The Dutch are an odd mix of rebelling against authority, and pressure to conform to the norm. From gentrification in architecture to oddly similar dressing styles, there is a certain need to conform, and this is ensured through wide-spread social control.

It could be accusatory looks in the local Jumbo as you buy an eight-pack of toilet paper. Perhaps it’s grannies shouting ‘anderhalve meter!’ at you if you dare breathe in their direction. Or, being yelled at for walking outside with more than one person. No matter the form, social control is rampant in the Netherlands — and has only been amplified by the pandemic.

The history of social control

Although social control is perhaps especially visible now, it is not something new to the Netherlands. During the 16th century, village life was mostly controlled by social mechanisms, rather than the central government. Social mobility was low, and social stratification meant that people often remained within the same community their whole life.

This is often referred to as the ‘pillarization’ of society, where society is stratified by distinct values. Each pillar would thus have its own institutions and cultural identity which is reproduced throughout. Especially in protestant areas, older generations often dictated values and behaviour.

Albeit often in a joking way, the fact that my dad (a catholic) married my mum (a protestant) is still something that is brought up at every family reunion. Take this one generation back, and a protestant marrying a catholic would have been unthinkable.

This changed in the 1960s, when the Netherlands started making headlines for youth movements, the permissiveness of drugs, and liberalization of prostitution: in short a very liberal and open society. This image now lives alongside the historical image of the Dutch as tidy, diligent and hard-working citizens. Pot-smoking teenagers are seen walking alongside obsessively trimmed hedges (because you can’t just let weeds grow all over your garden, what if the neighbours complain?!).

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Social control 2020 style

Living in Utrecht it sometimes seems like you have a façade of liberalism, where you can be different, but only within defined categories of ‘different’. There are several styles of clothing (Flared pants, white sneakers, and leopard print??), and ways of acting that you can choose from, and if you fall outside of these categories, you quickly draw stares or comments. Loud shouting or noises on the streets of Utrecht quickly draw negative attention, and people will tell you ‘doe even normaal’.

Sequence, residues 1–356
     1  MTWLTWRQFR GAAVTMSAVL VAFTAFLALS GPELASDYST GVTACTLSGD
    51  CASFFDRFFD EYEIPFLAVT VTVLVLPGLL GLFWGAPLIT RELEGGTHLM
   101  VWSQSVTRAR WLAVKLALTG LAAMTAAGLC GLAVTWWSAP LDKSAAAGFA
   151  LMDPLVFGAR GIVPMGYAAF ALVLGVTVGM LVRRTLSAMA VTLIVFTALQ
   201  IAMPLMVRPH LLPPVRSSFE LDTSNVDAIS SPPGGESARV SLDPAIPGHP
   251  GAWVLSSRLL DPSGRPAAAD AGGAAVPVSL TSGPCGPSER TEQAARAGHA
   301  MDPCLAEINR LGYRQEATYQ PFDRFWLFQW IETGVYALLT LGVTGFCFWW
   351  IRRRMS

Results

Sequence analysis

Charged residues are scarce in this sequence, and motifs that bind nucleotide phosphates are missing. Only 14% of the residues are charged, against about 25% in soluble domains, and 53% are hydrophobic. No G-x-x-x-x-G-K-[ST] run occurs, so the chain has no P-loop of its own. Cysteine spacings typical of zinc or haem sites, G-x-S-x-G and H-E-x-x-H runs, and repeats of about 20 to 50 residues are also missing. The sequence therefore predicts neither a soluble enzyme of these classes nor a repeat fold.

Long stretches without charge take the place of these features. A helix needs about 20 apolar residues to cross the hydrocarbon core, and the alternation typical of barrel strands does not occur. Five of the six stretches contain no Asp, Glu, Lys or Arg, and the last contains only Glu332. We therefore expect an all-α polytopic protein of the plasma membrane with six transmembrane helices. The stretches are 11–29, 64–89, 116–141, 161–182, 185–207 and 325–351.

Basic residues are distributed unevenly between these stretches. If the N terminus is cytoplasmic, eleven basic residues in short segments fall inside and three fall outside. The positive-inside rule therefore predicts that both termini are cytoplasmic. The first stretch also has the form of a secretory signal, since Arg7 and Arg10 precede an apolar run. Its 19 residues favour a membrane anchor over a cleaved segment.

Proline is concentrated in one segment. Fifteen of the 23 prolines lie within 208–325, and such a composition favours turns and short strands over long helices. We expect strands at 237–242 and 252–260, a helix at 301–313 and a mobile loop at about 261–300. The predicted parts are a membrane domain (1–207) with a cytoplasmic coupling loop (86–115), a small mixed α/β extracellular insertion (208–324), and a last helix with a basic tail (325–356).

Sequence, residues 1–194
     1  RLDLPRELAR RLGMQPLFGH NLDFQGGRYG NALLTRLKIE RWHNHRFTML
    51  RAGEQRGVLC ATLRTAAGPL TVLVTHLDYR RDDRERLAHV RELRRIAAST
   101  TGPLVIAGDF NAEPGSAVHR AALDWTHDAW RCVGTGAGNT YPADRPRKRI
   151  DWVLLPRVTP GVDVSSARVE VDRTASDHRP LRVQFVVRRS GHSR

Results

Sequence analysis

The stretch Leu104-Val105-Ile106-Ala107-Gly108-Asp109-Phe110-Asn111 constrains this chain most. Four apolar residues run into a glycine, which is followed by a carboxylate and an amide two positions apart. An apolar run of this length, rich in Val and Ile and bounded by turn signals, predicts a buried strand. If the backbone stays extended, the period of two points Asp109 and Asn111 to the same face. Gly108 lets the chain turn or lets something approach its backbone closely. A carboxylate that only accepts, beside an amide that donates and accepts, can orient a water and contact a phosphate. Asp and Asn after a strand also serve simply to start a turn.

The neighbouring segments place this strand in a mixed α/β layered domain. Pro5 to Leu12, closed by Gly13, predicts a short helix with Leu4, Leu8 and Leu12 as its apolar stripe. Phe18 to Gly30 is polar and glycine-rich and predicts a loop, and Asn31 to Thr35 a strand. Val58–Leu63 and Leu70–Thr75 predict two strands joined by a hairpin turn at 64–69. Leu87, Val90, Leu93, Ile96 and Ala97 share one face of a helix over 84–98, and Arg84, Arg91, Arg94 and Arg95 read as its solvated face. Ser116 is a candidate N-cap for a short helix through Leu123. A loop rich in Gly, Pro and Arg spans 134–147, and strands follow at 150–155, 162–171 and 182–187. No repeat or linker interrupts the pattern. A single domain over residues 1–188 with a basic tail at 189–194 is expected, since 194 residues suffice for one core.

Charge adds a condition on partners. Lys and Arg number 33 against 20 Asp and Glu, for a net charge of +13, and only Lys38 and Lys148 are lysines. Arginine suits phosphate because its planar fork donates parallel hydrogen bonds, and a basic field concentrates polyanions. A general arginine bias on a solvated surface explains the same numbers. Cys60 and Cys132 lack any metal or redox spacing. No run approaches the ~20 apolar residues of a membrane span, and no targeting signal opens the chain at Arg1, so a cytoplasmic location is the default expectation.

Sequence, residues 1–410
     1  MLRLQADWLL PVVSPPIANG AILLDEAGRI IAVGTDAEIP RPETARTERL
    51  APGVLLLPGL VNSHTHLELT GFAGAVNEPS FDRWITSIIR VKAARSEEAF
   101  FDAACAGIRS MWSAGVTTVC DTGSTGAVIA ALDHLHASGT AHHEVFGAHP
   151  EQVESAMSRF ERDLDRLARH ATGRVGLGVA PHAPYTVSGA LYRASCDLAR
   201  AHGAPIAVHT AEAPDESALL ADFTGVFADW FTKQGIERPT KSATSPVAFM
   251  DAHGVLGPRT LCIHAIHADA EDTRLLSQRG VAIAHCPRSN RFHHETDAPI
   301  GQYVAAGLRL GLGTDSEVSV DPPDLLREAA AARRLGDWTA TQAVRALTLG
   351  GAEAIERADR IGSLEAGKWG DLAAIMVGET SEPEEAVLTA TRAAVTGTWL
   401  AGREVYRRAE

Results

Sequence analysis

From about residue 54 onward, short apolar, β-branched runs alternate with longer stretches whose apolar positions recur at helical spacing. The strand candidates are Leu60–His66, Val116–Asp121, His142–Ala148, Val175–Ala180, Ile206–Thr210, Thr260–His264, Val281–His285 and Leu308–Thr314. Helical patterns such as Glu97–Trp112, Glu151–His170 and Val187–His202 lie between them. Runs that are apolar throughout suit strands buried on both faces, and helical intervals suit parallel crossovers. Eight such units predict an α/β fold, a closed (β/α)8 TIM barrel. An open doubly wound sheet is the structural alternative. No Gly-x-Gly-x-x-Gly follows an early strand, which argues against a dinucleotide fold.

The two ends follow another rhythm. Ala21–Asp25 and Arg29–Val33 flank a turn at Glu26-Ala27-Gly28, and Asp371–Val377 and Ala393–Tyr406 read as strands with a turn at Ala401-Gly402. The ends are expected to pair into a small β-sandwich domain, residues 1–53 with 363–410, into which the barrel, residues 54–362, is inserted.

Social policing exists everywhere in the world, and in most countries, social policing of public and private life is much more prevalent and ingrained than in the Netherlands. Luckily, in the Netherlands, most of the current social control applies to the public space. Try putting your feet on the chairs in the train, or speaking on the phone in the silence compartment, and see how fast you’ll be called out.

Liberal thinking, open-mindedness and tolerance

With 17-million people living in a small place, it is perhaps inevitable that some measure of social policing exists. Especially in current times of coronavirus, it can be very beneficial to have self-appointed virus police reminding you with dirty looks to keep to RIVM regulations. Having said this, it is the values of liberal thinking, open-mindedness and tolerance that draw me, and many others to the Netherlands.

My international friend the other day was told to “return to your own country!.” There’s a thin line between social policing for your own health and outright hostility of those who do not comply with standards. Reminding one another of public health restrictions is one thing, but we must be careful that a global crisis such as this doesn’t become an excuse for further control of the public space.

What’s your opinion on the social policing of the Netherlands? Tell us your thoughts in the comments below!

Feature Image: Vera Arsic/Pexels

1 COMMENT

  1. Good read, you described the scenario well. As someone who migrated from a much less orderly society I do appreciate how the Dutch are socially organised but as with anything, there are times when it goes too far and feels too obtrusive. I find that it is best to ignore comments that you do not agree with and go on with your life, although a lot of times there is some sense in these “rules” that you can use to improve yourself.

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